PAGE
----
For some, Saturday 23rd August will mark the start of bank holiday weekend meaning an extra day off work to look forward to, but for others the main attraction will be the return of Doctor Who, though this series the eponymous figure appears in a different incarnation.
After much anticipation amongst audiences and fans of the show – could it be a woman? – Peter Capaldi was handed the honour of becoming the next Doctor, the fourth since the show was rebooted by Russell T. Davies in 2005. Davies’ successor, Steven Moffat (writer and show runner) made it very clear that for him Capaldi was the only man for the job: “there was only one audition this time”. Allegedly Capaldi was the only person on Moffat’s short list for the title role and other British stars who were rumoured by the press to be in with a shout weren’t even given a first thought, let alone a second.
Since the show has been revived the Doctor has been getting younger; Christopher Ecclestone was around 40 when he began the show, David Tennant in his early thirties, and Matt Smith was only 26. To go from having such a young doctor to one twice his age is slightly mind-boggling. Having a Doctor twice Clara’s age, rather than one closer to her own, changes their dynamic, and that of the show. And what of the Doctor’s sex appeal, something now synonymous with the role? Capaldi himself has stated that he doesn’t think anyone will fancy him as the Doctor, but isn’t that already a part of the character’s allure and charm?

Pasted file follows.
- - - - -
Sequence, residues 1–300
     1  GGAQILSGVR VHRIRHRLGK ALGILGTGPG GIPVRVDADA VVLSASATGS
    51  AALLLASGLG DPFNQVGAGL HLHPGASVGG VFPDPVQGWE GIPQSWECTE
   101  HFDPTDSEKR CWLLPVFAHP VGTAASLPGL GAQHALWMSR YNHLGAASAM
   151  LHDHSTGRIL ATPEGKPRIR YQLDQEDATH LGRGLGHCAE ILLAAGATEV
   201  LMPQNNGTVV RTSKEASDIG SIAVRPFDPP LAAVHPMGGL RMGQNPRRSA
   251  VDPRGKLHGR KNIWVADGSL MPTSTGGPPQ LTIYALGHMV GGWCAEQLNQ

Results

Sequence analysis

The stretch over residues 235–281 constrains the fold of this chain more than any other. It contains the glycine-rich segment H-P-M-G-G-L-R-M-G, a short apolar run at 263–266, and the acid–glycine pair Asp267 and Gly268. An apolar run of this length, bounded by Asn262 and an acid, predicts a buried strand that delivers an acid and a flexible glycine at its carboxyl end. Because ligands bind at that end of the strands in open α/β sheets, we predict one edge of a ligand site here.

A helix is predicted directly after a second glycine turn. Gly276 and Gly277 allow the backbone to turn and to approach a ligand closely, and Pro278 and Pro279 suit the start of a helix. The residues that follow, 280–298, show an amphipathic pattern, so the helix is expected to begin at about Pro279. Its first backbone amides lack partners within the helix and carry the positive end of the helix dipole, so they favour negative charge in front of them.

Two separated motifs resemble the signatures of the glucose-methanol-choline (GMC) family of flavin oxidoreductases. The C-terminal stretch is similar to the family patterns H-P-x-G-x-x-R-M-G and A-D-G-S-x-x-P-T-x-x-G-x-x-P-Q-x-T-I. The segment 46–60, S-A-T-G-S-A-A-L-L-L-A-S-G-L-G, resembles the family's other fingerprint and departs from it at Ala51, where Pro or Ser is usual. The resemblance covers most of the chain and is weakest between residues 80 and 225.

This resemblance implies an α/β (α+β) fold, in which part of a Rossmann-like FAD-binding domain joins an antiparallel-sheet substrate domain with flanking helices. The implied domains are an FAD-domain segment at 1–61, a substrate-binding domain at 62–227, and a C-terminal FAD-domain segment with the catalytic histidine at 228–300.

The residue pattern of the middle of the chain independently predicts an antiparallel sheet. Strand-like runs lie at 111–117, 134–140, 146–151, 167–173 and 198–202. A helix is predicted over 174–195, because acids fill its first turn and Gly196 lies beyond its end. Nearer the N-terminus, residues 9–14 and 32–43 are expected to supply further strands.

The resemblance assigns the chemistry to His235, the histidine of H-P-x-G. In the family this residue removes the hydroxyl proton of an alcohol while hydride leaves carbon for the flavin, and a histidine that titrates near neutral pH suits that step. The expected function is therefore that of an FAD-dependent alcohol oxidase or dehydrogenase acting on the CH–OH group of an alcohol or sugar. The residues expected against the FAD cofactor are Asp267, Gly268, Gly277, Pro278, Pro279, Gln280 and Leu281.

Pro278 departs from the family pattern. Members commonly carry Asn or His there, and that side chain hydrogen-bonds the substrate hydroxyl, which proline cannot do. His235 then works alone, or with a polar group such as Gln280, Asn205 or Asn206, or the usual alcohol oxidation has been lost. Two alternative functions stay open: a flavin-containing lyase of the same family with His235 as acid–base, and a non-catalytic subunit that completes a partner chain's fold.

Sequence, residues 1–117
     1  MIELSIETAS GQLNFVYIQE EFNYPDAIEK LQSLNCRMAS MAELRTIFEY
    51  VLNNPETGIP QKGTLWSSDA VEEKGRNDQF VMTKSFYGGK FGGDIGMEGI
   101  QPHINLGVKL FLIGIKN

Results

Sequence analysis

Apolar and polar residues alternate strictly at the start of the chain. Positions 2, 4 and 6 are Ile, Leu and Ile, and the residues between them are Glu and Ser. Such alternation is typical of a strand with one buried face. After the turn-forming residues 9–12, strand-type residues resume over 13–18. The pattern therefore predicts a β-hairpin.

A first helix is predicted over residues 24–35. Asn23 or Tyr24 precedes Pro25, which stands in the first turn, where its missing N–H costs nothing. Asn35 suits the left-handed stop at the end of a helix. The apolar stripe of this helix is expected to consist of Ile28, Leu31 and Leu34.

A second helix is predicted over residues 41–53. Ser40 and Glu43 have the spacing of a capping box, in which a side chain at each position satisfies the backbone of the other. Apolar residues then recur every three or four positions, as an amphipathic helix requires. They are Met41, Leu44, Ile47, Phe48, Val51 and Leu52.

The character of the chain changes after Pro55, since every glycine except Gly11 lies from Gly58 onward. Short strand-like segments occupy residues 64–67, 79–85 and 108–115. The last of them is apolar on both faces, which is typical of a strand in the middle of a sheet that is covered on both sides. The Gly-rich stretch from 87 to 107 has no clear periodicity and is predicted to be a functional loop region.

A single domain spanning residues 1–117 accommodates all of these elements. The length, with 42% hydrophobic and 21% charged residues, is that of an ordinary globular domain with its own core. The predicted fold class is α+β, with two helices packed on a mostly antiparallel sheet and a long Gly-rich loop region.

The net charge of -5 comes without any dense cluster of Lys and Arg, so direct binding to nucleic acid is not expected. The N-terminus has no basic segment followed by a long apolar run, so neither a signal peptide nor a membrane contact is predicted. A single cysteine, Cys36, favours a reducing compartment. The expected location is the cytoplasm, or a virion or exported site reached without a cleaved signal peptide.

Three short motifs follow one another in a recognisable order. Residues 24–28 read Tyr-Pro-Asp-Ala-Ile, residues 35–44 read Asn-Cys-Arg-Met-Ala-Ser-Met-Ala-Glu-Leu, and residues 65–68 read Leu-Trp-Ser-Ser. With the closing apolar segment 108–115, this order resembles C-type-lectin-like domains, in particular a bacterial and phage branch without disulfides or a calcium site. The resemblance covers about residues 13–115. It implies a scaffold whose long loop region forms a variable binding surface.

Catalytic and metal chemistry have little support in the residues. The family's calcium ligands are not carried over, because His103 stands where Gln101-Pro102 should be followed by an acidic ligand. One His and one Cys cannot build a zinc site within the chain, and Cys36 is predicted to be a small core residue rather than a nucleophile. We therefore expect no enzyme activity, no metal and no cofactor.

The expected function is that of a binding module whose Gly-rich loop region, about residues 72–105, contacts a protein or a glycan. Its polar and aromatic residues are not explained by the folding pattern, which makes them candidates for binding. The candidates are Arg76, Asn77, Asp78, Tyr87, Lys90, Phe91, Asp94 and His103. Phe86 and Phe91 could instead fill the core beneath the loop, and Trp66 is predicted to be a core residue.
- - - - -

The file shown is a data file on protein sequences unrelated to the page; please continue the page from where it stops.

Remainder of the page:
The Doctor’s relationship with Clara was a friendship first and foremost but with a flirty and humorous edge. It’s been refreshing to see a pairing that has no dramatically romantic overtones, like Rose’s (Billie Piper) love story or Martha’s (Freema Agyeman) over-the-top infatuation. With Capaldi being much older than Coleman, the possible romantic aspects of their relationship will be closely watched. Flirty banter will have to be cut for fear of the Doctor looking like some creepy letch that preys on younger women. So with that in mind, perhaps the Doctor will be forced to take on a more fatherly role; a role we’re not used to, and one that may not work.
This isn’t to say that Capaldi is a bad actor, just one that currently doesn’t seem to fit the bill for the role of the Doctor. Comedy and humour are at the heart of the show so, having been highly successful as Malcolm Tucker in The Thick of It, perhaps this will stand the Scot in good stead. Having never seen an episode of said show, perhaps it is Capaldi’s portrayal of the evil Cardinal Richelieu in BBC’s recent adaptation The Musketeers that is marring my ideas of how he will play the Doctor. Images conjured of Capaldi as the Doctor currently consist of a criminal priest plotting to kill the Queen whilst foiling all of the musketeers’ plans. Certainly not what you want from Doctor Who.
The first episode of the new series airs on Saturday at 7.50pm on BBC1 and no doubt millions of viewers will be tuning in to see how Capaldi fares in such an iconic role. I’ll try to reserve my judgement until then, but am secretly hoping this is all a publicity stunt and that Ben Whishaw will pop onto my TV screen as the rightful Doctor. Maybe, despite all reservations, Capaldi might turn out to be rather good.